HIV diagnoses declined in Australia during the 1990s only to increase again through the 2000s, with Victoria having the second highest number of HIV diagnoses and the most substantial increase in the country.
Diagnoses in Victoria doubled from 130 in 1999 to 259 in 2006 and has stabilised at approximately 250 cases annually since then. Men who have sex with men (MSM) continue to be the group at greatest risk.
The Centre for Population Health carries out surveillance for HIV infection and AIDS in Victoria. Surveillance activities allow us to monitor disease trends and inform public health policy and action to improve prevention of HIV infection and facilitate early diagnosis and treatment to reduce morbidity and mortality associated with AIDS.
HIV/AIDS passive surveillance involves the collection of enhanced information alongside demographic data at the time of diagnosis.
That is the diagnosing doctor provides information on the patient’s most likely route of exposure; most likely place of infection; clinical characteristics such as symptoms; reason for test; and the date, location and result of previous HIV tests.
This additional information allows surveillance to identify groups who are at risk and help with our understanding of behaviours and trends associated with risk which is key to informing public health action.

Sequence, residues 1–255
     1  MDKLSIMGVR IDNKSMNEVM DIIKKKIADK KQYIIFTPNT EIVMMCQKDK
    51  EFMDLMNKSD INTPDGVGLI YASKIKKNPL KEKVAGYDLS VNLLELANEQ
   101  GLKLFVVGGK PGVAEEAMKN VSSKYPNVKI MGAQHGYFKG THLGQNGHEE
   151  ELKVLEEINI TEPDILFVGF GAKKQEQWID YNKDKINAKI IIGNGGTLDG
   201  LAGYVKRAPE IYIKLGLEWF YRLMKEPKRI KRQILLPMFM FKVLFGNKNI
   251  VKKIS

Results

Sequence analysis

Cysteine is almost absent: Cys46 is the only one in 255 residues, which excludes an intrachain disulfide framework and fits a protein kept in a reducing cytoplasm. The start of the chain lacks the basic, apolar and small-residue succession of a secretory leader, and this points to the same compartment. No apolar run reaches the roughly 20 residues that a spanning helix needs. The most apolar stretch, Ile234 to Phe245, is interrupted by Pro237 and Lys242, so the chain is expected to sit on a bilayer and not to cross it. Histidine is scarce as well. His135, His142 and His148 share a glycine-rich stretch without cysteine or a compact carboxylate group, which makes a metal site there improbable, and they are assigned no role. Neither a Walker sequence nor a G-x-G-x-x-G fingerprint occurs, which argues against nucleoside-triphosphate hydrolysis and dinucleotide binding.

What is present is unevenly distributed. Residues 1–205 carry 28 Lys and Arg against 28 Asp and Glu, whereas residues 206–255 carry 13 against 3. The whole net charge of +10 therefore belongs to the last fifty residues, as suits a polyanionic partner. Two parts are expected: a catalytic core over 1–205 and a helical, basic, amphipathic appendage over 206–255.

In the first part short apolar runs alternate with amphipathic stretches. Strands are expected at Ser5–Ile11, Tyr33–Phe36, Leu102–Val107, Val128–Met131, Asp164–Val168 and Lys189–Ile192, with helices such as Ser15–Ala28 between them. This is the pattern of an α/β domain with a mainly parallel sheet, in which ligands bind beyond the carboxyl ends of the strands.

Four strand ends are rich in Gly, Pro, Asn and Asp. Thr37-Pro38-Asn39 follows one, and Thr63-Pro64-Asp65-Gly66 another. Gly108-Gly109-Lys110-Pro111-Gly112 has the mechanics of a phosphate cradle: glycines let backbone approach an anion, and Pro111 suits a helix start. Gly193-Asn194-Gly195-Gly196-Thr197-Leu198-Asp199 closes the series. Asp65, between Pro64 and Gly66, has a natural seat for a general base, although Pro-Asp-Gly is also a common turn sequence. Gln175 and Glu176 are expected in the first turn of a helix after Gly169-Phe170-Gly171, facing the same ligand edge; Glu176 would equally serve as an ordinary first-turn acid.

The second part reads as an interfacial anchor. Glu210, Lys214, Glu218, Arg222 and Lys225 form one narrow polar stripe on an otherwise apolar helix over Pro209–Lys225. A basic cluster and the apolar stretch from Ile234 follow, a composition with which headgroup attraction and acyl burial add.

In addition, all HIV anti-body test data is collated from the laboratories as part of HIV enhanced passive surveillance to detect changes in trends of HIV testing in Victoria.
In the past decade passive surveillance has reported the increasing number of HIV cases newly diagnosed in Victoria as well as the decline in AIDS related deaths since the introduction of Highly Active Anti Retroviral Treatment (HAART).
The overall increase in new HIV cases is driven mainly by MSM however there are early indicators of changing trends in the epidemic.
Among MSM a significant decrease in age at diagnosis was detected in 2008; for the first time a significant decline in the median age of MSM diagnosed with HIV in Victoria was observed.
There was an increased proportion of MSM aged less than 35 years being diagnosed with HIV since the introduction of HAART suggesting that younger MSM in Victoria could be at increased risk of HIV infection with this trend continuing in 2009.
It has also been observed that HIV cases reporting heterosexual sex as their mode of transmission test less frequently than MSM and present for testing at later stages of their disease suggesting a potential pool of undiagnosed cases who are unaware of their HIV risk.
These findings highlight the importance of ongoing monitoring HIV/AIDS in Victoria and ensuring prevention and early detection messages are designed to include the groups who may not recognise their HIV risk.